it was possible to do. 

Well do I remember meeting her at the foot of the Spanish 
steps a few days before we left Rome, in the summer of 1875. It 
was a very hot and trying afternoon. ** Where are you going ? " 
said I ; " you look only fit for your bed." 

" Please don't talk of bed," she replied ; " I dread being obliged 
to take to it more than I can tell. I was on my way to see you, 
but wondered how I was to get up those steps. See how good 
God is ! He knew I wanted terribly to see you, and as I could 
not get up, he just sent you down." 

We stood on one side, near the fountain in the Piazza di 
Spagna, while she told me of her anxieties, her hopes and fears. 
Even then, she seemed to have an idea that her time was short. 
I urged her to form a Committee in Rome, that might aid her 
at least in obtainmg funds. As we were saying good-bye, she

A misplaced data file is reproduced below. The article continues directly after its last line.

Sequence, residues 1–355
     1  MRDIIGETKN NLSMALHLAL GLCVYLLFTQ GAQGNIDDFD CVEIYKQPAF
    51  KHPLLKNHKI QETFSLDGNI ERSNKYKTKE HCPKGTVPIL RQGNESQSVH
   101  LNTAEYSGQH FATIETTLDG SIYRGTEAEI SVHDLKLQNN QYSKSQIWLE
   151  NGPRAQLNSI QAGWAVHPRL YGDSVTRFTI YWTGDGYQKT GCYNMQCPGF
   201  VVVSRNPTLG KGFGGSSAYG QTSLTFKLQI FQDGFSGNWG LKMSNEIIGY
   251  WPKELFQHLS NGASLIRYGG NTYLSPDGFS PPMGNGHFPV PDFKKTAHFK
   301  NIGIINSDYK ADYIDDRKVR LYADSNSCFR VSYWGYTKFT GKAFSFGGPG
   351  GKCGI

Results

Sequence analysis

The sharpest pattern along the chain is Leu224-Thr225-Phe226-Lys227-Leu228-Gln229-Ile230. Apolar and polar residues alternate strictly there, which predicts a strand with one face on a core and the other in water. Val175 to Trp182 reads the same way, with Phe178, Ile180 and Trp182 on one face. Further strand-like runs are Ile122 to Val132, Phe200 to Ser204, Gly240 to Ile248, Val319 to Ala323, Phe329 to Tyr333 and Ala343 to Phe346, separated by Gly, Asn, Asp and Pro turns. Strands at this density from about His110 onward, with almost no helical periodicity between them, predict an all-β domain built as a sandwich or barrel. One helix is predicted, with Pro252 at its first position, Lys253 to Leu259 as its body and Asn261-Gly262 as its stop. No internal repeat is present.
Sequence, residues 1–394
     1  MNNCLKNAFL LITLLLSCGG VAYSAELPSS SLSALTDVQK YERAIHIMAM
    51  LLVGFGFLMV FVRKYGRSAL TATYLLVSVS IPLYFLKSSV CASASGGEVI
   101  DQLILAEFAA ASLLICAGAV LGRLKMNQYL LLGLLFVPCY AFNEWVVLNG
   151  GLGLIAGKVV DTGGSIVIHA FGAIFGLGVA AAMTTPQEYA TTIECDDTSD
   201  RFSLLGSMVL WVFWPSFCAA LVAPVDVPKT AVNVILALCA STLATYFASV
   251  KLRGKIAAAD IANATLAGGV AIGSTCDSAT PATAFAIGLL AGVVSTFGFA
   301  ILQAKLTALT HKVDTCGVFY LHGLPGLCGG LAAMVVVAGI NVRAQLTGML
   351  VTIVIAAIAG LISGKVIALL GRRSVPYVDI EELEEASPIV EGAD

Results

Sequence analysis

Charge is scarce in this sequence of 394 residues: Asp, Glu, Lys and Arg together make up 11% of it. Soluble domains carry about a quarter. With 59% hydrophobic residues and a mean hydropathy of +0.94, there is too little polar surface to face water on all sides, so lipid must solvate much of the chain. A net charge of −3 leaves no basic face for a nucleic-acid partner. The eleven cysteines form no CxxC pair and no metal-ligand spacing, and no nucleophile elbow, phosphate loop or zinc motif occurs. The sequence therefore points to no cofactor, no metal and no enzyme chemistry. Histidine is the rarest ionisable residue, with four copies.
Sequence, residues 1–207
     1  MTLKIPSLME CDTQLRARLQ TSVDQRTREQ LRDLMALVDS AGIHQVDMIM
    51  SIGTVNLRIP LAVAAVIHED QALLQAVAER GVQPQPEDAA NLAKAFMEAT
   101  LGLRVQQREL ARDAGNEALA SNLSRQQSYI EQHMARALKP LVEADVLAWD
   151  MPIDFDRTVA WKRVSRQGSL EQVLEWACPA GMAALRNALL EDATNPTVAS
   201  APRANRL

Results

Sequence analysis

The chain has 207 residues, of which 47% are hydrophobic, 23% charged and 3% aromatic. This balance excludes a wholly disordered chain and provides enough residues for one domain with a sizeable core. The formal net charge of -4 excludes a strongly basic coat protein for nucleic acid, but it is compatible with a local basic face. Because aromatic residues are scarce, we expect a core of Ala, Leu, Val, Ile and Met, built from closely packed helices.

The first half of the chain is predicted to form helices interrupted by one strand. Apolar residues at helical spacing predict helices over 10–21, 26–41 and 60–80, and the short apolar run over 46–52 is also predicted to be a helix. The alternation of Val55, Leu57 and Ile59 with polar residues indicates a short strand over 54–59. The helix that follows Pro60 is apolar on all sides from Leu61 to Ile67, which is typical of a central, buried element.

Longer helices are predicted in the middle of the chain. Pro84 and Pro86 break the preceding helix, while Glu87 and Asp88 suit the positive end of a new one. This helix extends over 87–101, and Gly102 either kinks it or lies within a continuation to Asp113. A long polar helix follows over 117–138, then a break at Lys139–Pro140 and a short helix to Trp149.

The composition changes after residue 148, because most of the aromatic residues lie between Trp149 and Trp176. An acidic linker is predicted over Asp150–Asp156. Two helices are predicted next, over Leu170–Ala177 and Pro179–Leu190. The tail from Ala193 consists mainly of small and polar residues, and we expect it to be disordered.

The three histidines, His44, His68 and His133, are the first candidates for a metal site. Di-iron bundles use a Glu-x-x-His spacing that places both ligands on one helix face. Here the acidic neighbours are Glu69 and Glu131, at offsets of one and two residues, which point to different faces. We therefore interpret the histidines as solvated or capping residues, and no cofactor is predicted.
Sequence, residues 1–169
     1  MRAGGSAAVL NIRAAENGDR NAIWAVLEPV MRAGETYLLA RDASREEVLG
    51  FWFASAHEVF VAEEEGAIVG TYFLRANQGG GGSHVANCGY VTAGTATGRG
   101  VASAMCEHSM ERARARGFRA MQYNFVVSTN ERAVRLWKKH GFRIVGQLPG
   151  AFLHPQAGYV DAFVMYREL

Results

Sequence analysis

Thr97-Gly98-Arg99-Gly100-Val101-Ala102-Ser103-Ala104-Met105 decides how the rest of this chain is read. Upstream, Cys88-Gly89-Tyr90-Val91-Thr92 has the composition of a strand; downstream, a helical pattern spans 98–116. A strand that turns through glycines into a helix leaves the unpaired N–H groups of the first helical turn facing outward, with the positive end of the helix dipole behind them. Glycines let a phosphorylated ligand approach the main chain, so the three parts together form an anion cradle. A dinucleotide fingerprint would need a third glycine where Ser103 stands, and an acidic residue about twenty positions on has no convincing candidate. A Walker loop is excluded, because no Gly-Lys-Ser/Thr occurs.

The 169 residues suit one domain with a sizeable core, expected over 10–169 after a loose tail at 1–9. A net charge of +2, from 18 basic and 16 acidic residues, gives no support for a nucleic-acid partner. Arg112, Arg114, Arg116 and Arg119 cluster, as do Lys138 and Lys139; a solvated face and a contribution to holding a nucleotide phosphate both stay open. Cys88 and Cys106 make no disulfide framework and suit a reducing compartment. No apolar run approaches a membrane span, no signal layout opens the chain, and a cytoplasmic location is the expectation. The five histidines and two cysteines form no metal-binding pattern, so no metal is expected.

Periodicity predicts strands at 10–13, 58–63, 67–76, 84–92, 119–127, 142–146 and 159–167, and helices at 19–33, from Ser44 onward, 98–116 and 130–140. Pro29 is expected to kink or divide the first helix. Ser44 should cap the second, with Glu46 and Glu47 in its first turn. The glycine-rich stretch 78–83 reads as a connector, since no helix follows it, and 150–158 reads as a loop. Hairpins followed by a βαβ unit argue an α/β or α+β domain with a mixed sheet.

Her Work (joes On, 283 

grasped my hand and added : " You have promised to help me 
with those dear children. You will work with me when you 
come back. It takes a load off my mind and gives me fresh 
courage. Now, 1 know why I craved so to see you." 

Soon after that, I called on her in the Via Babuino to say fare- 
well. She was too ill to leave her room, and was lying on her 
bed looking pale and worn. She " could not forsake the poor 
children," she said ; and there, on f^ach side of her couch, was a 
little cot with a sick child, and two other children were waiting 
on them and trying to amuse them. I coulJ see, by the drawn 
look of pain, that she was in great suffering ; but even then, she 
seemed entirely to forget herself in trying to interest us in the 
children, and even sat up with a great effort in her eagerness to 
show some work and a drawing thafthe little ones had made. 

** Does it not tire you too much to leave them with you ? "